New Home Planning ~ Step 7: Wood Flooring Selection
Wood floors have been a staple flooring option for a very long time – for good reason. They are attractive and impart a sense of warmth to any room as well as being very durable. Just take a look at some older historical homes around the country, and you’ll find wood floors that have lasted hundreds of years.
Wood flooring can be used in almost any room including kitchens, family rooms, bathrooms,and children's rooms! They promote a healthier home because wood floors are easy to care for, easy to clean, and don't let dirt and allergens build up where you can't see them.
Because wood flooring is the largest design surface in every room where they are installed, they should be designed in conjunction with the cabinetry, and stonework also planned for that room. You can then choose your window and door trim and stain once the floors are selected. This ensures a cohensive and timeless design.
When considering wood flooring there are many different species to consider including hardwood floors like White Oak wood floors or cherry wood floors. Hardwood floors are very versatile and can be used for both formal or casual settings.
You can also choose pine floors like Eastern White Pine and Long Leaf Heart Pine if you are looking for a more authentic, historical appearance.
Using their SlowCraft™ manufacturing process Carlisle can grade the flooring to have the exact look you wish to create. Do you want more knots for a more casual feel, do you want a more contemporary feel with less knots?
If you are looking for a wood floor with a bit more history and/or a floor that provides a wealth of natural patina and character than you may want to consider a reclaimed wood floor.
WOOD FLOOR COLOR
When considering different styles of wood floors, keep in mind that naturally every species will look different in terms of color, grain, and character like knots. Each wood will also take a stain and sealer differently. For example, if you look at a sample of Maple and White Oak in the same stain, it may look quite different.
It is important to consider what you are looking for in your room. Will the room be large with alot of natural light? If so you may want to consider a browner floor like a dark stained oak hardwood floor . Or are you partial to a more reddish look such as the cherry wood floor?
Because the floor comprises such a large surface area it is a very important process to plan and think through each design element and how they will work with your floor. It is also something that you will have for many years to come and even though you may make other changes to your home, generally, hardwood floors are a long-term investment.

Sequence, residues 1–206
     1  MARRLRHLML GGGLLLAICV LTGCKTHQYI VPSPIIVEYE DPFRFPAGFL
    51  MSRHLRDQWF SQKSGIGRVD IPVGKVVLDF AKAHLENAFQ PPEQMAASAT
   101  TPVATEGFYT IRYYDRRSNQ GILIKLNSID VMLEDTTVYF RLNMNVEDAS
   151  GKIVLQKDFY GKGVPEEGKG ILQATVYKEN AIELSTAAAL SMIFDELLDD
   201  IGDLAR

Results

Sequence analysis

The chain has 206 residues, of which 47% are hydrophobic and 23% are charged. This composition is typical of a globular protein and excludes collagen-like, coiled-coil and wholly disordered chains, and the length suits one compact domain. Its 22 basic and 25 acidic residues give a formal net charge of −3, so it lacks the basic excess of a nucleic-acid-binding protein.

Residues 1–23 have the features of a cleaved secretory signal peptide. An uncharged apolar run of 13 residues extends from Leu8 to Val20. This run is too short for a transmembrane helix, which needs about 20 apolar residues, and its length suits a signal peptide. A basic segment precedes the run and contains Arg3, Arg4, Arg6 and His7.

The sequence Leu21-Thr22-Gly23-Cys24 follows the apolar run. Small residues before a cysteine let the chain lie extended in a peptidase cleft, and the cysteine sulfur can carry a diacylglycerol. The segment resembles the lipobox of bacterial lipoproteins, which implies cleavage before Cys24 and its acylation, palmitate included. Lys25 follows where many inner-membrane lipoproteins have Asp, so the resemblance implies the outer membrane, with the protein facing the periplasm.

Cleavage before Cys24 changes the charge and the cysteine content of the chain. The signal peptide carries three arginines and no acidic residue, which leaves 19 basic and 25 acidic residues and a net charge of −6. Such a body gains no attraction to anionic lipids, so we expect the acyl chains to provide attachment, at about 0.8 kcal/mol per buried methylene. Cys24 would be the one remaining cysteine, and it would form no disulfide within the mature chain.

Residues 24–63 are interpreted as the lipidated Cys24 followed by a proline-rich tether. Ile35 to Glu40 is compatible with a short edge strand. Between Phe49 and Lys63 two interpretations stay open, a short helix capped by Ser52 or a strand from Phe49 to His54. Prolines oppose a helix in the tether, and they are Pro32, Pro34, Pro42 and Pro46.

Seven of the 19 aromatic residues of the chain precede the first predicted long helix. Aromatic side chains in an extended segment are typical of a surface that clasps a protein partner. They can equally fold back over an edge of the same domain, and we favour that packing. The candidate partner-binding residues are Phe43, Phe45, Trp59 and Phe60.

Another aspect to consider when selecting a wood floor, is the hardness of the wood. Although wood floors vary in hardness, you don't necessarily need to choose a floor because of how hard or soft it is. You want to choose a floor that will create the look you want and hold up to the areas where it will be installed.
For example, this Eastern White Pine floor was installed in a turn-of-the-century reproduction home in Maine. You can see how after nearly 15 years the pine does show some dings, scratches and distressing but this is just the look the client wanted!
Now if you are going for a more contemporary or formal feel, the dings and dents that are synonymous with pine floors may not be a good fit. In that case a hardwood floor like Hickory or Oak floors will be a better fit.
SOLID OR ENGINEERED
Another important consideration is whether to use a solid wood floor or an engineered wood floor. The good news is that Carlisle hardwood floor can be crafted in either solid or engineered wood. The decision to choose between the two will depend on a few different variables – where your home is located, the seasonal changes, how you want your floor to look from season to season, and the installation method/subfloor. Read more about Sold wood floors vs. engineered wood floors today to see which option is right for you and call Carlisle at 800.595.9663 as their Specialist are very knowledgeable and can offer you some helpful expertise on the subject.
If an older looking floor is something that appeals to you, and works with your new home’s interior décor, you may want to consider a hand distressed wood floor. Having toured the Carlisle facilities, I can tell you that these floors are indeed scraped by hand – I saw where they do it and watched the procedure, which is very labor intensive. But the end product is quite distinctive.
As an additional note, make sure that you only purchase top quality wood flooring, that is made from the best wood available. This will effect how stable your floor is, how it performs from season to season, durability, aesthetics and even the ease of the finishing process.
Not all wood is created equal, so you want to do your homework to understand how the wood floor is made, what quality material is used to make it, how it is dried, even where the trees come from. You also want to have your floor installed by a qualified contractor/installer.
The right flooring can last a few lifetimes, if chosen and installed correctly, and add warmth and beauty to any room in your home. There’s just something about the warmth of wood.